“Joschka Fischer directly lobbies for Berezovsky’s interests, just as Bill Clinton lobbies for Pinchuk’s interests.”
The quote comes from Mykola Melnychenko’s recent interview with Obozrevatel. I translated a portion of it:
Obozrevatel: Did Tymoshenko really have other coalition options?
Melnychenko: In all objectivity, my argument is with Yushchenko, too. How could the President use one hand to appoint the PM and use the other hand to put spokes in her wheels??? Unfortunately, as of today, I don’t see in what role Yushchenko can go down in Ukraine’s history. As a reformer? No. As a person who did something outstanding? No. He only has one chance left: He can be remembered as the ruler who took the Kuchma case to its logical conclusion. It’s not just the journalist’s murder. The Gongadze case and the Melnychenko recordings is a wide range of crimes committed by Kuchma and his team.
It is necessary that the Kuchma family repay its debt to the people, give back the stolen billions. As of 2000, this family had a net worth of $8 billion dollars. At that time, Kyiv’s entire housing market was worth that much. Now, using the money stolen from the people, Pinchuk [Kuchma's son-in-law] buys Bill Clinton from the U.S., wholesale with his wife Hillary, the current U.S. Secretary of State. What kind of policy will the States now frame toward Ukraine? Do we need a U.S. foreign policy toward Ukraine edited by Viktor Pinchuk? I’m sure we don’t. Therefore, the Melnychenko recordings provide the legal mechanism not only for confiscating the Kuchma family’s illegal possessions, but also for reducing the international pressure on our country.
However, one should seize the moment. Eight years is quite a bit of procrastination.
By the way, tests of the recordings began as late as the end of last year through no fault of our Genprokuratura [short for Generalna Prokuratura, Office of the Prosecutor General]. In the past, the stalling was done by…the FBI. The thing is, in 2007, when the Genprokuratura agreed to an international test, the FBI agreed to conduct it. They did agree, but it didn’t go any further.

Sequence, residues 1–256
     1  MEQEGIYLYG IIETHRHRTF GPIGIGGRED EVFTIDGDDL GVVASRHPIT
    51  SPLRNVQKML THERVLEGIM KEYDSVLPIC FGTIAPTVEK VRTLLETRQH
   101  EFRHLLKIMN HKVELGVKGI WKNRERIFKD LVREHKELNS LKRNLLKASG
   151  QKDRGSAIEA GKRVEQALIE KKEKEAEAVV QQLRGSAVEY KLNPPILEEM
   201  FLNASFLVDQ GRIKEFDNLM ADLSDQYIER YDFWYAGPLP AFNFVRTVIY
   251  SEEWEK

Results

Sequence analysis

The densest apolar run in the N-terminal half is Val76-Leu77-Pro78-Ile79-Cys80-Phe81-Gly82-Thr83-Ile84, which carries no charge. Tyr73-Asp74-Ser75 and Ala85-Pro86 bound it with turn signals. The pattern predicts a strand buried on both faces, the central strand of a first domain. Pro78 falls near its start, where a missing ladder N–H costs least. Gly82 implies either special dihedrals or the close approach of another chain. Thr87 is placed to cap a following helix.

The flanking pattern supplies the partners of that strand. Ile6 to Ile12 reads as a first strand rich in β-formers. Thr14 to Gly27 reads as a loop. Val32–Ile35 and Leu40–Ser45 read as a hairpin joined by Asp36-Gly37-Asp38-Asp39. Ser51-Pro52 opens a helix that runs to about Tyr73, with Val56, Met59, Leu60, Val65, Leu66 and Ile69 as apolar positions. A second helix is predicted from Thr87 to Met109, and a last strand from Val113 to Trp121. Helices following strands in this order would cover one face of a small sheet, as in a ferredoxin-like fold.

Obozrevatel: You mean, it was Pinchuk’s American lobby, the Clintons, who pulled the strings?
Melnychenko: Definitely, yes. In summer 2008, it appeared as if the FBI finally agreed and, in July, I was to give them the recordings. However, an interesting thing happened: The FBI suddenly refused to conduct the test. So, I can’t blame our Genprokuratura for procrastinating since 2007. They spent more than a year in talks with the FBI, and we ended up being led around by our noses. When the FBI refused, the Genprokuratura found new experts and finally progress was made. Let me emphasize that it was by pure coincidence that the test’s beginning came with the appointment of Volodymyr Lytvyn as speaker.
Mykola Melnychenko is the mysterious man who served on Kuchma’s security detail in the rank of major and claims to have bugged his office. The resulting recordings, first made public in fall 2000, possibly implicate Kuchma in the Gongadze murder and countless other crimes.
In his recent stream of allegations, Melnychenko alleges that, in 2004, Lytvyn had a role in a quid pro quo deal pondered by Putin and Kuchma, key backers of Yanukovych. Once it became apparent that Yushchenko would win the election, the two tried to work out an exit strategy.
The would-be deal, Melnychenko says, would have guaranteed Kuchma’s safe retirement and immunity from prosecution had Kuchma not interfered in the election process.
After Yushchenko became president — catapulted to power by the Orange Revolution — his administration chose not to pursue Kuchma. Nor did it choose to pursue Kuchma-era crimes whatsoever, thus breaking Yushchenko’s key campaign promise: “The bandits will sit in prison.”
This, along with other broken promises, deeply alienated Yushchenko supporters, not to mention Maj. Melnychenko. “Only recently did I become convinced that Yushchenko’s entourage was playing its own dirty game,” the Major added.
Obviously, not all of Melnychenko’s allegations add up. Theories abound on his agenda.
That said, it would be interesting to hear the U.S. Department of State comment on the Clinton-Pinchuk connection. The two saw each other at Davos, didn’t they? What did they talk about? Was it another $5M?
As Secretary Clinton struggles to repay a campaign debt of $6M, I hope she does a better job in U.S.-Ukrainian relations — better than a copy-paste job from her husband’s May 12, 1995, speech:
But your efforts will not be in vain, because the course is right, even if the path is difficult. The toil is bitter, but the harvest is sweet, as the old Proverb says. In time, your transformation will deliver better, more prosperous lives and the chance for you and your children to realize your God-given potential. You and your children will reap the harvest of today's sacrifices.
In the pursuit of peace and prosperity, you have been well-served by President Kuchma and his government's bold and farsighted leadership. You should know this: As you build your future, the United States will stand with you.
For America, support for an independent Ukraine secure in its recognized borders is not only a matter of sympathy, it is a matter of our national interest as well. We look to the day when a democratic and prosperous Ukraine is America's full political and economic partner in a bulwark of stability in Europe.